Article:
Shares of Synergy Pharmaceuticals (NASDAQ: SGYP) are up more than 100% from their 2016 lows, and the company finally received FDA approval of its drug Trulance (plecanatide) in January of this year. However, since the drug's approval, the stock has traded down over 20% due to a combination equity raise as well as a classic "buy the rumor, sell the news" market reaction. Here's why the investors that are selling the stock off are wrong.
What's happened so far
Synergy's only commercial product is the aforementioned Trulance (plecanatide), a once-daily oral treatment for Chronic Idiopathic Constipation. While CIC may sound like an unfamiliar indication, the market for this disorder is huge. As many as 35 million Americans suffer from CIC. Currently, the most common form of treatment for this condition comes in the form of Linzess, a product developed and commercialized by Ironwood Pharmaceuticals (NASDAQ:IRWD) and Allergan (NYSE:AGN).
While trials of Trulance in CIC reported similar efficacy to Linzess, Trulance is far from an also-ran, as it offers several substantive advantages over the current standard of care. Most notably, Trulance users reported diarrhea (the most common adverse event) less frequently -- specifically at rates of 5% versus Linzess' 16%. In addition, Trulance was also associated with lower rates of abdominal pain, flatulence, and upper respiratory tract infection. And finally, Linzess must be taken on an empty stomach before the first meal of the day while Trulance is good for ingestion at any time. Overall, these benefits should mean that Trulance will have a sustainable advantage over Linzess within the CIC market.
The state of the market
In terms of overall sales, the branded prescription CIC market is both large and growing. In fact, the value of the prescription constipation market has almost doubled from 2013 to 2015 from $642 million to over $1.2 billion. Just as a point of comparison, for full-year 2016, Ironwood reported total sales of Linzess at $626 million, up 38% year-over-year. Ironwood management has guided for total sales of Linzess to exceed $1 billion by 2020. So, it seems to be entirely possible for multiple drugs to successfully compete and expand within this one indication.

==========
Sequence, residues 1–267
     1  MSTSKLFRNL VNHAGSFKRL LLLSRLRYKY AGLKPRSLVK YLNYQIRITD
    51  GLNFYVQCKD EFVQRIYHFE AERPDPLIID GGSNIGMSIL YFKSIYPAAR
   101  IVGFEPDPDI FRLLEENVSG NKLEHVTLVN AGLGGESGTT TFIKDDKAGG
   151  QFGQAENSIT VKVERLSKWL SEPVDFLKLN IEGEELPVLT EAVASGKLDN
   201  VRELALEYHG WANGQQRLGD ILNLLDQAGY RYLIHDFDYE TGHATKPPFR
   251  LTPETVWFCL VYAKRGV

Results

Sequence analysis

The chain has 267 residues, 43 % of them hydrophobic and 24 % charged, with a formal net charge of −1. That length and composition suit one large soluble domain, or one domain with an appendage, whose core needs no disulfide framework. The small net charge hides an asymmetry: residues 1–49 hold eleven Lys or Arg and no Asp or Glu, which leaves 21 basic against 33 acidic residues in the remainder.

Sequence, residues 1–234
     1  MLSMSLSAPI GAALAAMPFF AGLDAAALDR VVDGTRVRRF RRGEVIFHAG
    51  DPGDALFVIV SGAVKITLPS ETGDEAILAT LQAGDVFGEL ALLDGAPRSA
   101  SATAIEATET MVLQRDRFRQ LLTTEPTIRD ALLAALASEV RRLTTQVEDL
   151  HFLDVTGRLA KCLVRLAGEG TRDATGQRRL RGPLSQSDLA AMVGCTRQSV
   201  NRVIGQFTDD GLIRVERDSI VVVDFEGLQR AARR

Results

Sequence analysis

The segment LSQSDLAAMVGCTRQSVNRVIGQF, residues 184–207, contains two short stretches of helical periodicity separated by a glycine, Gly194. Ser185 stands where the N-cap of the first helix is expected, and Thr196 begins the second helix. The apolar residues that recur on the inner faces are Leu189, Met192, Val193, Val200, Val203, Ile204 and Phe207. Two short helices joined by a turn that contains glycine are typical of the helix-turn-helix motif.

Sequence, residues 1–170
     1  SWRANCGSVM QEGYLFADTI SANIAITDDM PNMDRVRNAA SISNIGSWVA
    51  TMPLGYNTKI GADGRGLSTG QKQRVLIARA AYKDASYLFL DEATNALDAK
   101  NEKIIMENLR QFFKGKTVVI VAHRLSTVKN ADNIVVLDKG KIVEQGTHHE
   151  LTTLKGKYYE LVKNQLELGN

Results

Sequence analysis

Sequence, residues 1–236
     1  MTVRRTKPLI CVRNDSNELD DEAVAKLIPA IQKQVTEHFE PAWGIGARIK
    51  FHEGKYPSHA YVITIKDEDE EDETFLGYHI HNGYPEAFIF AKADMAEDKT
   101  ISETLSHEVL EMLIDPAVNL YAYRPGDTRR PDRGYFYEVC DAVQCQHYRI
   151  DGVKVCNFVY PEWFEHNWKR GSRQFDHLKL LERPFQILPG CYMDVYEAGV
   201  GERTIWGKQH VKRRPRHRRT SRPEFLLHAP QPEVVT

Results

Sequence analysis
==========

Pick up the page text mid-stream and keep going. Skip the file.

In terms of pipeline, Synergy has also completed two phase 3 trials of Trulance in irritable bowel syndrome with constipation (IBS-C). In both of these studies, Trulance met its primary endpoint of percentage of patients classified as overall responders versus placebo. Synergy management has announced that they plan to file an sNDA for Trulance in IBS-C later on this quarter.
At the beginning of February, Synergy announced the pricing of a secondary round of equity raising in anticipation of the commercial launch of Trulance. While the stock dropped as a result of this news, the underwriting yielded net proceeds of $122 million, and this is after the company ended 2016 with $82 million in cash and equivalents. While it is unknown what exactly Synergy's cash burn rate will be upon commercializing Trulance, analysts have pegged the number somewhere around $30 million per quarter. Current cash levels should be enough for the company to make it until at least mid-year 2018.
While rumors were circulating that Synergy would be an appetizing takeout candidate for such firms as Allergan or Takeda (and this is certainly still a possibility), these options seem less likely after the equity raise. For myself, I believe there is a large opportunity for Synergy to go it alone. While Synergy is still a small-cap biotech, the fact that they already have an approved product set to launch and a large market opportunity make this one of the less-risky small cap biotech plays available. For the long-term investor, I'd say Synergy is a buy.